Big Banks Lobby on Still-To-Be-Written Rules of Financial Regulation
Sep. 13, 2010 - Major financial reform (HR 4173) was signed into law in July, but much of the heavy lifting over the measure's specific provisions is still to be done, according to a recent story in the New York Times. New authorities have been handed to government regulatory agencies, but these agencies still have to write the specific rules which will define how their new power is used. The Commodity Futures Trading Commission (CFTC) is one agency with many new rules to write, and with this power has come a lot of attention from lobbyists.
According to the same article, the firms that have the most to gain from maintaining the status quo are the country's largest banks. These banks currently dominate the credit default swaps market, which they have managed to restrict to only the largest firms.
MAPLight.org looked at the most recent lobbying data for the 25 largest banks (according to the Federal Reserve). Six have lobbied the CFTC in the last two years, and each of those did so in the second quarter of this year on issues concerning language in the financial regulations bill. In that quarter alone, these banks spent nearly $6 million on lobbying. In the first quarter of 2010, at which point the financial bill had passed the House, but not the Senate, the same banks topped $7 million in lobbying totals according to the Senate Office of Public Records Lobbying Disclosure Act Database. (Available lobbying data only provides total amounts spent in a filing period and what was lobbied on. However, companies are not required to divide out how much was spent on lobbying each individual agency or congressional office.)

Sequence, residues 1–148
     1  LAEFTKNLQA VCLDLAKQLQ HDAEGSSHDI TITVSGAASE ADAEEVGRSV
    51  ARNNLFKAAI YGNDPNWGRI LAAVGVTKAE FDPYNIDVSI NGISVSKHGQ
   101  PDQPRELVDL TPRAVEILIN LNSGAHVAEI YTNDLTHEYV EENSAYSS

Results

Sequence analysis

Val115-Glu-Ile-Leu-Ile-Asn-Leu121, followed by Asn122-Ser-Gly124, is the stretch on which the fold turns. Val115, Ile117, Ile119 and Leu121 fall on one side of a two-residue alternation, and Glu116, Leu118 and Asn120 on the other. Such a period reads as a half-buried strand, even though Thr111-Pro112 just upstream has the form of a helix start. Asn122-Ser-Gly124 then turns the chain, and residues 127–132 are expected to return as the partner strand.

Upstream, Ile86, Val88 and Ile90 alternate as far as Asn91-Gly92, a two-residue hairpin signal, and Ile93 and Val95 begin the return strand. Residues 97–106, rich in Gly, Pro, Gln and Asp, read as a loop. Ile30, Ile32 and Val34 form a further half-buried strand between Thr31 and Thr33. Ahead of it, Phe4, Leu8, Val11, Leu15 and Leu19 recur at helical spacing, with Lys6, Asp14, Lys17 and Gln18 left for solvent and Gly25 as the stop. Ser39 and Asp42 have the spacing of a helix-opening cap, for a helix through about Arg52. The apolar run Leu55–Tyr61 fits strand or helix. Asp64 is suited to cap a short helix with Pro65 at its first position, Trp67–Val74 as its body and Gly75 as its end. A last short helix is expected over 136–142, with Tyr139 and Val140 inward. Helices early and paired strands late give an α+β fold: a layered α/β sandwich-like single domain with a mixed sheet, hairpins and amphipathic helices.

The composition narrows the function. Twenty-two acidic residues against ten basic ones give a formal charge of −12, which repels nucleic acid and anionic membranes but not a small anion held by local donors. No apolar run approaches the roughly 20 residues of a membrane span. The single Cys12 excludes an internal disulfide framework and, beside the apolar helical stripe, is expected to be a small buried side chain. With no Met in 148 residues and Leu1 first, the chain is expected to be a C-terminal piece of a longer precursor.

A look back at 2008 and 2009 shows that these totals are unusually high. The final quarter of 2009 was the only one to come close, when banks lobbying (the CFTC among other offices) spent nearly $5 million doing so. In previous quarters, lobbying reports mentioning the CFTC totaled around $2 million to $3 million. Previous to 2008, lobbying reports were filed twice a year, as opposed to quarterly, and only two of the above banks, CitiGroup and Morgan Stanley, lobbied the CFTC in 2007.
Lobbying data includes reports from JPMorgan Chase, Bank of America, Citigroup, Wells Fargo, USBC, PNC, FIA, HSBC, BNY Mellon, Suntrust, Branch Banking, State Street Corp, TDBK, Regions Bank, Capital One, Citizens Financial Group, Fifth Third Bank, Keybank, Goldman Sachs, Union Bank, Morgan Stanley, and M&T Bank. Lobbying data source: Congressional Lobbying Database.
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